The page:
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PERCEPTION of REVERB in MIXING was OT: Space
I use headphone to play most times
>and the resultant recordings always sound claustrophobic and way too
Why this happens is because we experience what recording engineers call
"cross talk" when we are listening
to reverberation (or anything, really) in a stereo mix.
In other words, your left ear hears a bit of the reverb from the right
channel that crosses your face and
vice versa. This amplifies the effect of reverbs a bit.
When you listen on headphones, you get none of that 'cross talk' and
consequently, you do not get an
accurate understanding of what your recording sounds like.
For me a good rule of thumb is that I like to track with
phones...........I like to solo instruments with phones to listen,
to their 'timbre' in the mix and I especially like to check in on the
volume of subsonic sounds using accurate professional
headphones that go down to the very bottom of human hearing (which many
near and mid-field recording speakers don't do)
but I ALWAYS do final mixes with good near field monitors (which,
wonderfully have become cheaper and cheaper for home
studio owners). Personally, I never use subwoofers in mixing
because I find that most of them tend to over exaggerate
and, thus give an inaccurate picture of the saturation of the lowest
frequencies. A lot of dance producers would probably
highly disagree with me here, but I hear a ton of dance mixes in clubs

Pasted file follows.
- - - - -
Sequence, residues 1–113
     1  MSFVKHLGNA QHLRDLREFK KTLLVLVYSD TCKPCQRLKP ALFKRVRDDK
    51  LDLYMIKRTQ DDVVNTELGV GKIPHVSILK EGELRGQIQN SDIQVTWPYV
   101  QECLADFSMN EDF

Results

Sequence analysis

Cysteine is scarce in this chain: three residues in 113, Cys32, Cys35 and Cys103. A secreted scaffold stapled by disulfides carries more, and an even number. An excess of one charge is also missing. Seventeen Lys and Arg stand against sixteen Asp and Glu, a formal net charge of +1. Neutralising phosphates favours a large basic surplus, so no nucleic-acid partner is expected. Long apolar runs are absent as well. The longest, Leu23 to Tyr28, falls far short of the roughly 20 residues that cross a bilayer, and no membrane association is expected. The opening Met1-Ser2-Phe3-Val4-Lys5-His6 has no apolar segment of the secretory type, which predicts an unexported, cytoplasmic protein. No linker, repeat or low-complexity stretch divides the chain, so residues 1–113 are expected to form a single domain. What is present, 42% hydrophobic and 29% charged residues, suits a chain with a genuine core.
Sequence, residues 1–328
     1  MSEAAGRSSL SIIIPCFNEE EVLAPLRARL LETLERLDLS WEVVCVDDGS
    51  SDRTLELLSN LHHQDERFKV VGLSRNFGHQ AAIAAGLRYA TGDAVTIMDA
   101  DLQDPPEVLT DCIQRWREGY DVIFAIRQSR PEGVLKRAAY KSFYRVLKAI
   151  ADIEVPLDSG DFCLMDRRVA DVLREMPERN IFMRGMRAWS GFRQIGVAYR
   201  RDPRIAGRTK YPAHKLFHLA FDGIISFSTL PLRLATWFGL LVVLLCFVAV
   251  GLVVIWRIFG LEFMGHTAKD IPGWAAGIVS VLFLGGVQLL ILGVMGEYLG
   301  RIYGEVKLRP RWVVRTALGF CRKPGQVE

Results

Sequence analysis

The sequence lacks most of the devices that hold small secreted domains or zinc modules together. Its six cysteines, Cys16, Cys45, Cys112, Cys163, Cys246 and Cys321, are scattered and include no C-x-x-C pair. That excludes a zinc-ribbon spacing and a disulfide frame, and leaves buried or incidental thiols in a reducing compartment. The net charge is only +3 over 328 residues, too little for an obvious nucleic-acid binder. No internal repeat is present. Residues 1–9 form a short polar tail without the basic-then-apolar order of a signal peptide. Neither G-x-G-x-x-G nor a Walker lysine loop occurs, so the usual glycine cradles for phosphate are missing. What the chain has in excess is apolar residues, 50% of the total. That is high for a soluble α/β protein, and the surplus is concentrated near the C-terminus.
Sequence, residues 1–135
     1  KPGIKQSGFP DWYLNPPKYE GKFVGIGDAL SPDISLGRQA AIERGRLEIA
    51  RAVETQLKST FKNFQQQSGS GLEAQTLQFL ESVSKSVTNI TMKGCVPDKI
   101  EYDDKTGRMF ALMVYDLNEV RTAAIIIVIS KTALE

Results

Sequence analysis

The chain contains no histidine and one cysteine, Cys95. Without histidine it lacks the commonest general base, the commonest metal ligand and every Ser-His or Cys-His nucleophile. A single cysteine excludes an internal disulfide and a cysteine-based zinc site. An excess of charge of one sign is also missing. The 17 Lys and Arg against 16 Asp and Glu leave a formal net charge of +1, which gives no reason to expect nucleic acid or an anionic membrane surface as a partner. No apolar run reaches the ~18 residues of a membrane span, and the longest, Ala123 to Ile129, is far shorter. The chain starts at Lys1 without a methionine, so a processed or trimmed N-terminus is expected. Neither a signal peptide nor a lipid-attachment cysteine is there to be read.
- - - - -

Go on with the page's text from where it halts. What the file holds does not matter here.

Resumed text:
that are very poorly mixed for the environment because the
club owners have no understanding of just how loud and deep their subs
Then, at the end of the process, I try to find several diverse
listening environments from good to bad home stereos to good to bad
boomboxes to good to bad car stereos. After doing this a lot, I've
learned to just know what a mix on my own near field monitors
will sound like on several systems and try to get a good cross section
of mixes that will sound the best on the most systems.
Finally, at the end, you can always play this game I learned from Brian
Eno when you think your mix is too dense and claustrophobic.
Take out a single element in the mix..........and then
another........see how far you can go before it doesn't start sounding
Then, and only then, do you gently add things back in , one by one.
Most mud comes from overwriting, from my experience
working with pop bands as a producer.
Lastly be aware of Rhythmic, Timbral, Harmonic or Dynamic Masking in